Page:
Imitation Poem (Kind of)

During the class I took I really got into Tracy K. Smith, and for one of our imitation assignments I chose to imitate her poem, “Don’t You Wonder, Sometimes?” section 3, from her brilliant collection Life on Mars. The first poem below will be hers, and the following will be my imitation (however after several revisions, it doesn’t resemble Smith’s poem so much). The last line in both poems is supposed to be drop lined, but I’m having trouble formatting it.

Bowie is among us. Right here
In New York City. In a baseball cap
And expensive jeans. Ducking into
A deli. Flashing all those white teeth
At the doorman on his way back up.
Or he’s hailing a taxi on Lafayette
As the sky clouds over at dusk.
He’s in no rush. Doesn’t feel
The way you’d think he feels.
Doesn’t strut or gloat. Tells jokes.

I’ve lived here all these years
And never seen him. Like not knowing
A comet from a shooting star.
But I’ll bet he burns bright,
Dragging a tail of white-hot matter
The way some of us track tissue
Back from the toilet stall. He’s got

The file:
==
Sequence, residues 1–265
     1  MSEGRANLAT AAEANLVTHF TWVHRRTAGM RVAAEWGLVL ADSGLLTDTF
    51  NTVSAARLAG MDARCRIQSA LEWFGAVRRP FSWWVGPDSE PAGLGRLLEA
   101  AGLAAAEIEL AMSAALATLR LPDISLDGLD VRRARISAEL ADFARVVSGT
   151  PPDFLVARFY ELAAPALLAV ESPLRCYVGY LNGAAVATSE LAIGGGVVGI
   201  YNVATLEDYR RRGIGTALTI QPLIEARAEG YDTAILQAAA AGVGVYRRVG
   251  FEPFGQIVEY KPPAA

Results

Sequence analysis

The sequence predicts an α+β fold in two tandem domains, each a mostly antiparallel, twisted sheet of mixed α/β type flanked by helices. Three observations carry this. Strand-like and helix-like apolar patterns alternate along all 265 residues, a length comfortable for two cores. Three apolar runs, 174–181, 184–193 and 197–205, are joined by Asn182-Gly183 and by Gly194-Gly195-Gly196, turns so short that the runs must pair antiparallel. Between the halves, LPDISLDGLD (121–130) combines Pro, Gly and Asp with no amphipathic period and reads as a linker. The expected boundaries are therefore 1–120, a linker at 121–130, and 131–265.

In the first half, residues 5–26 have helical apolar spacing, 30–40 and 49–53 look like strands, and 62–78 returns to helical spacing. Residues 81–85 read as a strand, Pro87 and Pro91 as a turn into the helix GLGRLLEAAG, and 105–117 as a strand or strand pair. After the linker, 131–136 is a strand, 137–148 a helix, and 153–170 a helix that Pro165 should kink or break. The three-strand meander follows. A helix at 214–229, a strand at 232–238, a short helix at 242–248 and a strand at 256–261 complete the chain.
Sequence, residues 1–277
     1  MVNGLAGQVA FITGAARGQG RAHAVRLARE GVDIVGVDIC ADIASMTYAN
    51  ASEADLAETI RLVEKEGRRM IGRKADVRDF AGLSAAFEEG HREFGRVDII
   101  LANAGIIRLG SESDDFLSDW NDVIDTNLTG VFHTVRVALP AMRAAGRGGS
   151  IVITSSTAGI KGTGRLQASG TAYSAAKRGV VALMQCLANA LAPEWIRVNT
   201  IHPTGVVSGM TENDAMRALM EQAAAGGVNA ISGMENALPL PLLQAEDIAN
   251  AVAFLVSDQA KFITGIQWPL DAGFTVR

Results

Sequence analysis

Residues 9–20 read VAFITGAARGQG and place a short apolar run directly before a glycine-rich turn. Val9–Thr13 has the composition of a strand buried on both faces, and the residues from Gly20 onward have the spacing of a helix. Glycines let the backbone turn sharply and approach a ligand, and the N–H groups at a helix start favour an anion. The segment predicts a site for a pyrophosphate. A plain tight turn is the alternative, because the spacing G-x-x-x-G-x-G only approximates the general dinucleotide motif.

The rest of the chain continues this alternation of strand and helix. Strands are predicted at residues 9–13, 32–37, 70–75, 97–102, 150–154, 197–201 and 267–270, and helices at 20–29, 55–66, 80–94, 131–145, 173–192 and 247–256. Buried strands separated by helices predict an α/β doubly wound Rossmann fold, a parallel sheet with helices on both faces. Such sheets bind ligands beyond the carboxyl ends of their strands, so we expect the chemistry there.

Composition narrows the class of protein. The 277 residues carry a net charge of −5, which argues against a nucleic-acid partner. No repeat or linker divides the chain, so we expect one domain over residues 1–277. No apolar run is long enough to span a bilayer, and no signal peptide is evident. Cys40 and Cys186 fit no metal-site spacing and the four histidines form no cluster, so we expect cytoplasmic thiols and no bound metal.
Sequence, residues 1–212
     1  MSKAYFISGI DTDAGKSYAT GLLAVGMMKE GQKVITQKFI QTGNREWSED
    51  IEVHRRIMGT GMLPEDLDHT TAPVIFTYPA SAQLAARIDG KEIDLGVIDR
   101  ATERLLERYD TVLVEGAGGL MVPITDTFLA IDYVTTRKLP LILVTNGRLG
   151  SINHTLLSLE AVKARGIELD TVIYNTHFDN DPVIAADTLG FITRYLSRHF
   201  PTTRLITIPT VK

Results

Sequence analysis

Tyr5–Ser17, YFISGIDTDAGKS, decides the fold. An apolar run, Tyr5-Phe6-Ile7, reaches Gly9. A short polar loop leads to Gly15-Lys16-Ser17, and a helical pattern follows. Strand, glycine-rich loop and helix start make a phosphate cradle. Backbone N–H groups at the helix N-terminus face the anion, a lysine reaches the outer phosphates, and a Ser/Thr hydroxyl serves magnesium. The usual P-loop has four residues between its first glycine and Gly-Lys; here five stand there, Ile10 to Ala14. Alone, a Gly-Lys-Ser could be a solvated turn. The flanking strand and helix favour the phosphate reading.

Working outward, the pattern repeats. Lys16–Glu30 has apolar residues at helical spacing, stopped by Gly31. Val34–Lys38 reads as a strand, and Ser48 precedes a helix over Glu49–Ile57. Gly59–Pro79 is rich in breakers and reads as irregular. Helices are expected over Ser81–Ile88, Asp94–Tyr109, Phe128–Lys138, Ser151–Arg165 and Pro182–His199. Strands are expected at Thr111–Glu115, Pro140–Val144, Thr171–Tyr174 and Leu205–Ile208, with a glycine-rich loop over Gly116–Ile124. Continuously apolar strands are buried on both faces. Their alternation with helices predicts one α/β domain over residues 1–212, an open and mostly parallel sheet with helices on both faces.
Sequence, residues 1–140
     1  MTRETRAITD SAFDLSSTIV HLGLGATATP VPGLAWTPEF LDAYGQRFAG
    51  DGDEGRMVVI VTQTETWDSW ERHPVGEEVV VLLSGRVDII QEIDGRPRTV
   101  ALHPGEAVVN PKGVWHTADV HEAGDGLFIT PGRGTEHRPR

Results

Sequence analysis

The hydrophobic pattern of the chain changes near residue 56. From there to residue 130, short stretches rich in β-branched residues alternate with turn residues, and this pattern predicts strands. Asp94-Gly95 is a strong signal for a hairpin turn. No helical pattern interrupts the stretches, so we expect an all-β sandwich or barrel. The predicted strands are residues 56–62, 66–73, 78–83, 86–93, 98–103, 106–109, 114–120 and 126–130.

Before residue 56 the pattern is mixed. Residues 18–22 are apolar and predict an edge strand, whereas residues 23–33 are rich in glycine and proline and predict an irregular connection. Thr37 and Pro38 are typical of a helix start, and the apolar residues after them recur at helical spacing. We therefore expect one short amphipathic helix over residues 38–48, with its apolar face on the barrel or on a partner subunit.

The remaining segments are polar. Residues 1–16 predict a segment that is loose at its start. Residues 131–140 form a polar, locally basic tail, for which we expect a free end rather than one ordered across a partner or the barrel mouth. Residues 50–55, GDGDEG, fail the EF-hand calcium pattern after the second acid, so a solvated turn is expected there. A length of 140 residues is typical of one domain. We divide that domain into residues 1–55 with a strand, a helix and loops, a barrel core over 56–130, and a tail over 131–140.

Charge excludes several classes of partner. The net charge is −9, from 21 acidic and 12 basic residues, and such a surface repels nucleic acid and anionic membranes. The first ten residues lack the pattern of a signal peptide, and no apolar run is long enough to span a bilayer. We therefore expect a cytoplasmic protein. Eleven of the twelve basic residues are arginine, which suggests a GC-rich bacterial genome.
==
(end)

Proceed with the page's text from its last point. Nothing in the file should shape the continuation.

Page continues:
The whole world under his foot,
And we are small alongside,
Though there are occasions

When a man his size can meet
Your eyes for just a blip of time
And send a thought like SHINE
Straight to your mind. Bowie,
I want to believe you. Want to feel
Your will like the wind before rain.
The kind everything simply obeys,
Swept up in that hypnotic dance
As if something with the power to do so
Had looked its way and said:
                                         Go ahead.
-Tracy K. Smith, “Don’t You Wonder, Sometimes?”, Life on Mars

My imitation:

The man is a cowboy. Every day
By the same narrow street. Black
Messenger bag, black shoes, black belt,
Flashing his shiny black eyes straight
Ahead. He hides his frown in his hat
And flips the bird in his pockets at people
Sitting on benches. He never uses public
Transportation. Doesn’t like recycled air.

I said hello to him once. Near
Enough to see the darting fish
Behind his shades, we passed through
each other like soapy water through new jeans.
Bubbles stiffened the hair at his nape,
And my legs stained a soft blue, having bathed
In the sunrise on a world by Sirius. But
Adults don’t get lonely, we hold hands
Selectively, and raise our money like children,
So when he didn’t respond I wasn’t offended,

Though I flinched when he towered past me
And his back whispered SHUT UP
In a voice a whisper through space
That shook my blue legs, where I am the vacuum
and am alone in hearing him. I’ve been told
That cowboys can’t sit in front of others, trees
Unable to move because they’re caught
In a forest, always standing until I stretch
Out my fingers, a letter for every digit,
And knock them over. Maybe next time
I’ll use more words. My two hands curling,
Bending his knees like a book with six people–
You have my permission to sit.


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